It is desirable to have a CRU that enables a variety of machine subsystems to be incorporated into a single unit while maximizing the useful life of each component. It is further desirable to utilize a CRU that allows service to a machine to be performed efficiently and at a relatively low cost and in some cases to be serviced by the user himself. It is a further benefit to have the ability to reuse and recycle various CRU components in today's climate of environmental awareness.
The lightweight low cost molded plastic components mentioned above are particularly well suited for a customer replacement unit. The CRU includes a number of shafts and other rotating and pivoting components which must be secured to bores or apertures. Many of these components within a CRU require the use of components with bores which are normal with each other which require the use of side pulls or secondary operations such as drilling to provide for an accurate bore that has a centerline parallel to the parting line of the mold.
With the cycling of a molding machine and with the separation of the molded part from the mold, over time, the surface of the mold wears. This is particularly true for the mating surfaces of each of the two or more die halves or partitions that mate to form the shape of the plastic component. Further, in order to insure that the plastic component does not have a void or lacks material in a particular part within the molding machine, typically the mold is filled with excess material which may leak at the surfaces between the mold halves. The mold halves also wear at their contact surfaces so that a parting line forms between each of the mold halves. It is the presence of the parting line and the flash that occurs at the parting line that fills partially the bores and apertures that are created along the parting line. To remove the flash at the parting line, the side pulls and the drilling operations are required.
The present invention is directed to alleviate at least some of the aforementioned problems.
More recently, plastic components have been designed which have a hole or bore with an axis parallel to the parting line in which the hole or aperture is molded in halves with two or three halves resulting in a full hole. Such a plastic component is shown in FIG. 2. The plastic component 1 includes a pair of front cavities 2 which overlap with a rear cavity 3. The central portions of the cavities 2 and 3 are semi circular whereby the cavities 2 and 3 combine to form an aperture bore 4 having an axis CC in the vertical direction. The plastic component 1 is molded from a pair of molds and has a parting line on a plane formed by axis CC and line DD which is perpendicular to aperture axis CC.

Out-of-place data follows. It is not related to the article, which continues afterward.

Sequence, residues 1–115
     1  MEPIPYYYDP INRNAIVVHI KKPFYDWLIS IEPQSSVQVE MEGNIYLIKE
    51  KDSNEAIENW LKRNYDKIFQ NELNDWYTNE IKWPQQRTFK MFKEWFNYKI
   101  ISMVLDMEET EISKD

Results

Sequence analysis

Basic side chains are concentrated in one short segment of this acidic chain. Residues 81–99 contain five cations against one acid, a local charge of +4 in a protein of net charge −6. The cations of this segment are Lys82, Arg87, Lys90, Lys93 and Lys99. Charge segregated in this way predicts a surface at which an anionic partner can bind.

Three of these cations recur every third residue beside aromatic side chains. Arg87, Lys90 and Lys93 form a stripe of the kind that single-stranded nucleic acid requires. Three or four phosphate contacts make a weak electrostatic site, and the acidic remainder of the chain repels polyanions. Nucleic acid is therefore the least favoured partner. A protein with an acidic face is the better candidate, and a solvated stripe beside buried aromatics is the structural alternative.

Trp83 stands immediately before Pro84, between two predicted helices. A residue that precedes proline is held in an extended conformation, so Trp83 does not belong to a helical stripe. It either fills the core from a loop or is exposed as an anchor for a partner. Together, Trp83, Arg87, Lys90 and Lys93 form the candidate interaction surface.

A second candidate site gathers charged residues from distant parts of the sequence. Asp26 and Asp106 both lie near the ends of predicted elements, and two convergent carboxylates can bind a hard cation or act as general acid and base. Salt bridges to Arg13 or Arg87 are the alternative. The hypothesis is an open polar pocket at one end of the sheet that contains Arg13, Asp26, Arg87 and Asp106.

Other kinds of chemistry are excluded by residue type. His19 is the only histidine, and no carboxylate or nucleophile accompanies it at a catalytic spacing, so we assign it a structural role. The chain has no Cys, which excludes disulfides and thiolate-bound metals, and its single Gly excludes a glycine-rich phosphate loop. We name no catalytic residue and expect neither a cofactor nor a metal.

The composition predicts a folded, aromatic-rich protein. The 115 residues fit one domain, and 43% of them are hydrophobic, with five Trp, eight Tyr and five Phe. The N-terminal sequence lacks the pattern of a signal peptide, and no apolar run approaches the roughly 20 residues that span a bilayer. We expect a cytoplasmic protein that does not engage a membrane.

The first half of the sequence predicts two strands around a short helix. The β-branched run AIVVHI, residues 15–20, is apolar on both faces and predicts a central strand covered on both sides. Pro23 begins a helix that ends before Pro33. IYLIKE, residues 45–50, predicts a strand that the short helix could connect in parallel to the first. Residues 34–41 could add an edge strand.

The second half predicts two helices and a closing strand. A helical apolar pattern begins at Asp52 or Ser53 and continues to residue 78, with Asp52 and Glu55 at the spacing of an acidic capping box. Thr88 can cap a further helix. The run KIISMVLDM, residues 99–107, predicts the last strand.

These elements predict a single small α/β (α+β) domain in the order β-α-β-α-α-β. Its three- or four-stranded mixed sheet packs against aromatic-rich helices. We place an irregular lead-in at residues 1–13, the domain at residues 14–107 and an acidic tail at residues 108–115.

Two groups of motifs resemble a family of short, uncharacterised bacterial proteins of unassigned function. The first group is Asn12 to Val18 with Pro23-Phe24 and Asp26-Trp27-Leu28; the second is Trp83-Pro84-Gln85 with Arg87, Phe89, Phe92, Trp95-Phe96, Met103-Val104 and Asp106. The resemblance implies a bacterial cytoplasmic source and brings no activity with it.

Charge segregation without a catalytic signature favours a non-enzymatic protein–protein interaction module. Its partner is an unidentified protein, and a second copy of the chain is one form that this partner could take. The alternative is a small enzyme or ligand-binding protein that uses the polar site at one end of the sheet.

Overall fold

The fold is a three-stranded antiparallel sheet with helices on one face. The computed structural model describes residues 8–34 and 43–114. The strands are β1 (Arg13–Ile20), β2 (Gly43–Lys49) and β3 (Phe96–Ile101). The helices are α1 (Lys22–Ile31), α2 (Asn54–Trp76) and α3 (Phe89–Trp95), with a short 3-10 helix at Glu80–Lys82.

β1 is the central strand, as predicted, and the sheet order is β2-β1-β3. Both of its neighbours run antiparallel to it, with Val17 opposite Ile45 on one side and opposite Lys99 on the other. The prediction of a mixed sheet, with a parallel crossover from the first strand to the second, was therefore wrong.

Now referring to FIGS. 3 and 4, a pair of die plates 5 and 6 respectively are shown. For simplicity, the die plates 5 and 6 show only the features required to provide the cavities to the plastic component 1 of FIG. 2. As shown in FIG. 3, the first die plate 6 includes a front die plate protrusion 7. The front die plate 7 is used to form the rear cavity 3 of the plate component 1 of FIG. 2.
Referring now to FIG. 4, the second die plate 8 preferably includes two second die plate protrusions 9. The second die plate protrusions 9 form the front cavities 2 of FIG. 2. To provide the aperture bore 4, the second die protrusions 9 are spaced apart a distance equal to the thickness of the first die plate protrusion 7 so that the upper and lower surfaces of the first die protrusions 7 are in mating contact with the inner surfaces of the second die protrusions 9.
As the opposed faces of the first die plate protrusions 7 wear against the inner surfaces of second die plate protrusions 9, a gap is formed between the protrusions 7 and 9. The gap between the protrusions results in flash 5 as shown in FIG. 2 which progresses inwardly into the aperture bore 4. The presence of the flash 5 requires that secondary operations such as drilling are required to provide for an accurate bore 4.
The following disclosures may relate to various aspects of the present invention.
U.S. Pat. No. 5,580,507
Patentee: Williamson et al.
issue Date: Dec. 3, 1996
U.S. Pat. No. 5,435,959
Patentee: Williamson et al.
Issue Date: Jul. 25, 1995
U.S. Pat. No. 5,262,899
Issue Date: Nov. 16, 1993
U.S. Pat. No. 5,244,606
Patentee: Maus et al.
Issue Date: Sep. 14, 1993
U.S. Pat. No. 4,895,268
Issue Date: Jan. 23, 1990
Some portions of the foregoing disclosures may be briefly summarized as follows:
U.S. Pat. No. 5,580,507 discloses a method of making a mold from a model. The aperture has a configuration generally corresponding to the shape of the model. A mold is formed around a model and the model is removed. Material is then placed into the mold to form the part.
U.S. Pat. No. 5,435,959 discloses a method of making a mold from a model. The aperture has a configuration generally corresponding to the shape of the model. A mold is formed around a model and the model is removed. Material is then placed into the mold to form the part.